2. With consumer demand stagnating in developed economies, the company is increasingly turning to emerging economies such as China and India. But it is facing stiff competition from local players in these geographies who have a better understanding of local tastes and preferences. In order to improve its appeal, the company is stepping up its R&D efforts. For example, the company set up a R&D facility in Shanghai in 2012 to understand the tastes of the Chinese consumer better. This is the company’s largest R&D facility outside the US.
Going forward, we expect PepsiCo to maintain its lead in the packaged foods market in North America and Europe. In emerging economies, we expect its efforts to localize product flavors to pay off in the long run. With the marketing machinery that PepsiCo possesses, it should be able to displace smaller, local competitors quite easily in the next few years.
The Beverage Division
Unlike PepsiCo’s food division, which is the dominant force in developed markets, the company’s beverage segment trails arch rival Coca-Cola across most geographies. As a result, the company doesn’t quite have as much pricing power in beverages as it does in snacks. This leads to generally lower margins for beverage products. In 2011, beverages contributed nearly 52% of total company revenues, but EBITDA contribution stood at only 40%.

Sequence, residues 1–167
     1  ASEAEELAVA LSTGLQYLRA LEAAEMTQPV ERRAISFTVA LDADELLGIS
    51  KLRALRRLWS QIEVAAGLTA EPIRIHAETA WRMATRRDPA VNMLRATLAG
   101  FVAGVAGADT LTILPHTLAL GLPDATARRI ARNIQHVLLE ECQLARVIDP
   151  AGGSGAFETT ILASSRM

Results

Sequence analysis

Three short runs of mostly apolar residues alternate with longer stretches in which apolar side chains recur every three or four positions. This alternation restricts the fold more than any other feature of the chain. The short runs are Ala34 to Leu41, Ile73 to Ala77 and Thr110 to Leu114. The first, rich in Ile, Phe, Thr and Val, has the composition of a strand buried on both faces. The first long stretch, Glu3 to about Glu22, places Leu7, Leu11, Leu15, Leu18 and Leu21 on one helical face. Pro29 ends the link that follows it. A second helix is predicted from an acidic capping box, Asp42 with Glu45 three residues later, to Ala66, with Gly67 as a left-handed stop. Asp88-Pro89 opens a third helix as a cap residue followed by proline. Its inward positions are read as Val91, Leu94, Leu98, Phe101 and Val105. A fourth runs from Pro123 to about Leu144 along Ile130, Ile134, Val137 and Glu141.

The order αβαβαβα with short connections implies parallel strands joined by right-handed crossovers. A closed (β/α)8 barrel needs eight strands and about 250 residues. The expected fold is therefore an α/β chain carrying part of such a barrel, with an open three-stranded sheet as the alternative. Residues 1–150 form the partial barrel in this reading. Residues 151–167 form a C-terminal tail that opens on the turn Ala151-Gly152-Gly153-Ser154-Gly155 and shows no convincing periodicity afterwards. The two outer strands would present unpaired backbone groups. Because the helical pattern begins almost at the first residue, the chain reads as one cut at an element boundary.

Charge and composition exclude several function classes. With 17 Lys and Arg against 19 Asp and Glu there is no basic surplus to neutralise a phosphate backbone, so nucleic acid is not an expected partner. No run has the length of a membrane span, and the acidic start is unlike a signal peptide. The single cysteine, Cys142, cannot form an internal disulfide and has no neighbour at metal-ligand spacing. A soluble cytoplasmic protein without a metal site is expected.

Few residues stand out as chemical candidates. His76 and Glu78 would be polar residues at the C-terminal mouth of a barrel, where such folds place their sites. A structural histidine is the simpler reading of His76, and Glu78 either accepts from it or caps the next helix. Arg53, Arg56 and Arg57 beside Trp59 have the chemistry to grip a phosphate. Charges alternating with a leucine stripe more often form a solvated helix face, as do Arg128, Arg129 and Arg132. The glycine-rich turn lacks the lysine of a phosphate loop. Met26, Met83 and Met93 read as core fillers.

1. In developed economies such as North America and Western Europe, the consumption of carbonated soft-drinks is declining at a steady pace due to health concerns and pressures from health advocacy groups.
In the face of increasing competition from Coca-Cola and Dr Pepper Snapple, PepsiCo is investing in large-scale marketing and advertising to boost sales of its flagship drink, Pepsi. In 2012, the company increased its marketing spend by around $600 million. This included a sponsorship agreement with NFL and pop stars such as Nicki Minaj and Beyonce as part of the ‘Live For Now’ campaign.